"Brown-headed Cowbird nest-parasitism is not a rare and insignificant
event. In one study in Ohio, between 24.6 and 77.7 percent of all Song
Sparrow nests contained Brown-headed Cowbird eggs or young. The
average nest size of 66 non-parasitized nests was 3.4 nestlings, while
the average size of 28 parasitized nests was 2.4 Song Sparrow
nestlings, plus the young Brown-headed Cowbird. Thus, each
Brown-headed Cowbird nestling was raised at the expense of exactly one
Song Sparrow.

As many as seven Brown-headed Cowbird eggs have been found in a single
Song Sparrow nest. Rarely, Song Sparrows recognize that something is
wrong, and build a new nest atop the old one, covering the
Brown-headed Cowbird egg so that it never hatches."

Check out the third image. 
Cowbird Egg in Chipping Sparrow Nest

Best regards, 

Clarification of Answer by bobbie7-ga on 26 Apr 2006 19:54 PDT
"The most common hosts of Brown-headed Cowbirds are Yellow Warblers,
Song Sparrows, Red-eyed Vireos, Chipping Sparrows, Eastern Phoebes,
Eastern Towhees, Ovenbirds, and Common Yellowthroats."
nkamom-ga rated this answer:5 out of 5 stars

Subject: Re: Something is afowl with my sparrow's nest
From: qed100-ga on 26 Apr 2006 16:23 PDT
A very interesting story. I had a nest full of robin eggs just on my
upstairs window ledge when I was a kid. Even though I was right there,
the window glass filled the mother with confidence. I got to watch the
whole program from start to finish.

   As for your hypothesis about a an intruder egg, you'll find out
soon enough empirically, unless the mom is spooked enough to forego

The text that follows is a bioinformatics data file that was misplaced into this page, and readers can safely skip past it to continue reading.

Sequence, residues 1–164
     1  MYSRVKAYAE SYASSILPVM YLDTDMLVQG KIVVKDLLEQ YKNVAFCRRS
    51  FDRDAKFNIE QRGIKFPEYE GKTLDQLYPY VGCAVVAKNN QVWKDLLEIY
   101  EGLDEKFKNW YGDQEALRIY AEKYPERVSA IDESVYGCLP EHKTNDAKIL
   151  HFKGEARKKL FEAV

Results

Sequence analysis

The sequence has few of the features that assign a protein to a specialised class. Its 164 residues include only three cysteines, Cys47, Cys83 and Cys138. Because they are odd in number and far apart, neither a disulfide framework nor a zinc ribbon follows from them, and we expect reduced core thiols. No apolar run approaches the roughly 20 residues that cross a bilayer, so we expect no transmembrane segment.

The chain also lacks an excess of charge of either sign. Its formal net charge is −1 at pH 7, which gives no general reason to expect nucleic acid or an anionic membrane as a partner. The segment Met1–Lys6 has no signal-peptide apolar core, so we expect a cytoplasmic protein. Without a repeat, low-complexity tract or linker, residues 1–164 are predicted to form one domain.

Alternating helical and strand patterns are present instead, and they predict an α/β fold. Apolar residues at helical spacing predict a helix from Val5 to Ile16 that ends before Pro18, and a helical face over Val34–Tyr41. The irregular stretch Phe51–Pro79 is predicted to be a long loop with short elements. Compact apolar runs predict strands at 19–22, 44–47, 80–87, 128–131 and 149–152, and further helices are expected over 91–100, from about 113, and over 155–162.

Subject: Re: Something is afowl with my sparrow's nest
From: bobbie7-ga on 26 Apr 2006 16:39 PDT
Additional information:

Brown-headed Cowbird

"Females lay eggs in other birds' nests and leave the rearing to other
species. They find nests to parasitize by looking for birds building
nests, either by walking along the ground, perching quietly in shrubs
or trees, or making noisy flights back and forth, possibly to flush
potential hosts. The female generally chooses an open cup-nest to
parasitize, and usually lays one egg per nest. She waits to lay the
egg until the host bird has at least one egg in its nest, and often
removes one egg from the nest before laying her own."
Subject: Re: Something is afowl with my sparrow's nest
From: denco-ga on 26 Apr 2006 20:01 PDT
Howdy nkamom-ga,

You state: "Although I don't know how a sparrow is going to manage to feed
a cowbird and its own babies."

Baby cowbirds have been known to push the other babies out of the nest so
they have less competition for the food the host mother supplies.

Looking Forward, denco-ga - Google Answers Researcher

Important Disclaimer: Answers and comments provided on Google Answers are general information, and are not intended to substitute for informed professional medical, psychiatric, psychological, tax, legal, investment, accounting, or other professional advice. Google does not endorse, and expressly disclaims liability for any product, manufacturer, distributor, service or service provider mentioned or any opinion expressed in answers or comments. Please read carefully the Google Answers Terms of Service.

If you feel that you have found inappropriate content, please let us know by emailing us at with the question ID listed above. Thank you.
Search Google Answers for
Google Answers  

Google Home - Answers FAQ - Terms of Service - Privacy Policy